Medical Malpractice and the Politics of Healthcare

This is a partial transcript from "Your World with Neil Cavuto", January 26, 2004, that was edited for clarity.

Watch "Your World w/Cavuto" weekdays at 4 p.m. and 1 a.m. ET.

NEIL CAVUTO, HOST: It's a good thing the president is not a lawyer, because he's going after them. The Bush administration wants to clamp down on all those malpractice suits (search).

What is the administration up to? Let’s ask Health and Human Services, secretary, Tommy Thompson.

Secretary, always a pleasure. Thank you for coming.

SECRETARY TOMMY THOMPSON, HEALTH AND HUMAN SERVICES: Neil, as always, a pleasure. Thank you very much for having me on your program.

CAVUTO: So this is going after lawyers?

THOMPSON: No, it is going after the frivolous lawsuits. It is going to hopefully allow for doctors and hospitals who pay really high malpractice insurance payments, are going to be able to see those premiums be held as sort of a status quo, a stabilized rate, instead of keeping going up. The rates are going up at an alarming rate. And as a result of that, a lot of good doctors are driven out of the practice.

They can’t make it, and they say, well, what is this use? And they can’t practice without it, so they walk away from their practice.

CAVUTO: Do you worry, Secretary, with the best of intentions, some doctors begin to get risky, maybe even sloppy, fearing that there is little punishment?

THOMPSON: No, absolutely not. Because a lot of states, like my home state of Wisconsin, the president’s home state of Texas, California has had a limit on non-economic damages for years. And those states continue to have good health practices, good health care. It is in those states that don’t have any limits that really have seen an alarming increase in premiums for liability insurance (search).

Such high premiums that a lot of doctors are forced to either make the decision of not having insurance or getting out of the practice. And that, to me, is just a very, a very terrible decision that some good doctors and good hospitals have to make.

CAVUTO: Secretary, you know a lot of people have debated this issue in the past and, invariably, the thing the trial attorneys always hold up is the one doctor who makes a mistake, takes out either the wrong limb or leaves sutures in a patient, those heinous cases that get people’s attention, and they say doctors like that, the bad ones, should pay and pay through the nose. And that always wins out. I’m never quite sure why, but that more emotional argument wins out.

How are you going to win yours?

THOMPSON: Well, I think just by pointing out the common sense facts. That there is a lot of states that have limits, and those states have good quality health care. There are many other ways to ferret out bad doctors and bad practitioners.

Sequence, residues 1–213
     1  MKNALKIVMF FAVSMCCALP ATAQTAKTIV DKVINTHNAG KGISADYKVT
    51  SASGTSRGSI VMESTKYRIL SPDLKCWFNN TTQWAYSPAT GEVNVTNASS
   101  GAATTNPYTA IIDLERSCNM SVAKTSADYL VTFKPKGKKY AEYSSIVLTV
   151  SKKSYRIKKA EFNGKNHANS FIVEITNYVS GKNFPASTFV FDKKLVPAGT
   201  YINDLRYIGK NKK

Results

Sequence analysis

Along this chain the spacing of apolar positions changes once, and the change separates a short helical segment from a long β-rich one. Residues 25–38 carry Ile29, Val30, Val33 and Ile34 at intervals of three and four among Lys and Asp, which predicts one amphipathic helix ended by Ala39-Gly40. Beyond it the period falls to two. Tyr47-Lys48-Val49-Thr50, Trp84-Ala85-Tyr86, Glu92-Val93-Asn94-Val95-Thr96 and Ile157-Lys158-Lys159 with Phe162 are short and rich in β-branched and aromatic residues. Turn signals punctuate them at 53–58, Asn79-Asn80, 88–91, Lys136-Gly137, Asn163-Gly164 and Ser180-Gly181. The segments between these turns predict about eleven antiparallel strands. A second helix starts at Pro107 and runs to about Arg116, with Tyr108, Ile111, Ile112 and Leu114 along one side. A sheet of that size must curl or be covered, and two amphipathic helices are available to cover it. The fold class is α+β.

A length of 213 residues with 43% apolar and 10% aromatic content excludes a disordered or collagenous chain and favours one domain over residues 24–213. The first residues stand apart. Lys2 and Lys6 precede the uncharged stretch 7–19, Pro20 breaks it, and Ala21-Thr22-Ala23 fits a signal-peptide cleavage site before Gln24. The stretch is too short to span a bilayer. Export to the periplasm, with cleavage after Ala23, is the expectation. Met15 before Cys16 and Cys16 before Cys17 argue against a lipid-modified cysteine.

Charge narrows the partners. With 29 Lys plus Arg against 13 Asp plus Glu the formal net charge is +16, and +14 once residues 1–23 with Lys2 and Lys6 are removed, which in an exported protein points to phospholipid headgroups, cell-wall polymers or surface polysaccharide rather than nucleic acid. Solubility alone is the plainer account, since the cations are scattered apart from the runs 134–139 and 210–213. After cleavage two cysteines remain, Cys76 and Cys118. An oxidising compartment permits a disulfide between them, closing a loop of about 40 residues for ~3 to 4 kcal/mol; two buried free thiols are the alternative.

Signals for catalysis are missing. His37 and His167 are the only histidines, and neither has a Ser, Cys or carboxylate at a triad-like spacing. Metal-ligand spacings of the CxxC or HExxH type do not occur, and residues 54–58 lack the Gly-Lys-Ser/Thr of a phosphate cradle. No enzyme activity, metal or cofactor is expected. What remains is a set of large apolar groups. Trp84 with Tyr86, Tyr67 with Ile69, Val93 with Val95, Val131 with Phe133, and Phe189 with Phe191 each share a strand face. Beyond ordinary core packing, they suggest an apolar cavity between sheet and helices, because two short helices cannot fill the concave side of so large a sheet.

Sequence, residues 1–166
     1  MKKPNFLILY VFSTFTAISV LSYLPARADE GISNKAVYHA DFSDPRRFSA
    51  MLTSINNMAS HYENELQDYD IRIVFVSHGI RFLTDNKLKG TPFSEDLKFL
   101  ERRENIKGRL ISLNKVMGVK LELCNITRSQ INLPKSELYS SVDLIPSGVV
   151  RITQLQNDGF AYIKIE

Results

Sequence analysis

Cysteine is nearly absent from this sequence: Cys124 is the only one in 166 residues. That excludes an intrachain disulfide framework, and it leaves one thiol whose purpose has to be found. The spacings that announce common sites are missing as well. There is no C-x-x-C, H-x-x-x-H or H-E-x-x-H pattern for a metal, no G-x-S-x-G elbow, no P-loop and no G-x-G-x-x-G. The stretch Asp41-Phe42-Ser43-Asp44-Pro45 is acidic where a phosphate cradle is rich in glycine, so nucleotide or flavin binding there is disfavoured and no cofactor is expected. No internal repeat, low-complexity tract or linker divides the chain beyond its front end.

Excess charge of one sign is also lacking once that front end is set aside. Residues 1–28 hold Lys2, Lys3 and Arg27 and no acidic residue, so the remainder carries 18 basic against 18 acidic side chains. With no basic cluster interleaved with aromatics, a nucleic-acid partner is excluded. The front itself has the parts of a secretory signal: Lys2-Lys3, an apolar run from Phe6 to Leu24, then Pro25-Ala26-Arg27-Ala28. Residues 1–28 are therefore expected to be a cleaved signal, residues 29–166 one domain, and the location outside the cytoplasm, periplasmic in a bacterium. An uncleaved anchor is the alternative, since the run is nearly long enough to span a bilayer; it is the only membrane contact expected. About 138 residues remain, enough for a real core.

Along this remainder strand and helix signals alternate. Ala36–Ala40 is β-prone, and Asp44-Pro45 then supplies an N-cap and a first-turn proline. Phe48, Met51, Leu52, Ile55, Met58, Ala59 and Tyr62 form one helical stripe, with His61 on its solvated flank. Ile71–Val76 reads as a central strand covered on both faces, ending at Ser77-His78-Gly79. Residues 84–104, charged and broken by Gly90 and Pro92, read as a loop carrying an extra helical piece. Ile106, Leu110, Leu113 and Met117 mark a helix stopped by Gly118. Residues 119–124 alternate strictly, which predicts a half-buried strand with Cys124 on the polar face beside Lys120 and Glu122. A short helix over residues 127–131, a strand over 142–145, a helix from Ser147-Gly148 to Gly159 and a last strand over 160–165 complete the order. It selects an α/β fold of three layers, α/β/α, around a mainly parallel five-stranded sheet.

You have peer review in just about every state. You have your medical associations that review bad practices. You have many different ways to do it. Plus, you still allow for the court system to work.

All economic damages will continue to be paid. Loss of time, a loss of wages. And these type of things will be paid immediately in a lawsuit. It is just that it will be a cap on non-economic damages of pain and suffering of $250,000.

CAVUTO: Do you worry, Secretary, that let’s say John Edwards is the nominee of the Democrats, and of course a trial attorney by fame and gained a great deal of wealth through that.


CAVUTO: He always pits this against you guys are on the side of the big doctors. And he could say, even if he’s a big lawyer, the big doctors are more heinous. What do you say?

THOMPSON: Well, I say to anybody that will listen -- plus I’m an attorney -- I will say to them that there are some bad practitioners. There are bad lawyers, as there are bad doctors. There are bad TV producers. Any place that you go there are bad and good.

And what you have to do is you have to still have the court system set up to take care of that. You have peer reviews set up to do that. And I know the trial lawyers try to say, well, this is just helping out the insurance companies. That is absolutely not the case.

Frivolous lawsuits and high insurance premiums are driving good doctors, some good doctors out of practice. Arkansas is one of those states that has a very difficult time of having OBGYN doctors practice in that state because of the high liability insurance. And I would think that those individual expecting mothers would like to have a good doctor taking care of them instead of having high insurance premiums that drive those doctors out of practice.

CAVUTO: Secretary, it’s almost as bad as saying there are bad TV anchors out there. We don’t know where they are, but...

THOMPSON: I made very clear I wouldn’t say that, Neil, because we know there aren’t any such things.

CAVUTO: All right. Secretary Tommy Thompson, in Washington, thank you, sir. Appreciate it.

THOMPSON: Thank you very much, Neil.

Content and Programming Copyright 2004 Fox News Network, Inc. ALL RIGHTS RESERVED. Transcription Copyright 2004 eMediaMillWorks, Inc. (f/k/a Federal Document Clearing House, Inc.), which takes sole responsibility for the accuracy of the transcription. ALL RIGHTS RESERVED. No license is granted to the user of this material except for the user's personal or internal use and, in such case, only one copy may be printed, nor shall user use any material for commercial purposes or in any fashion that may infringe upon Fox News Network, Inc.'s and eMediaMillWorks, Inc.'s copyrights or other proprietary rights or interests in the material. This is not a legal transcript for purposes of litigation.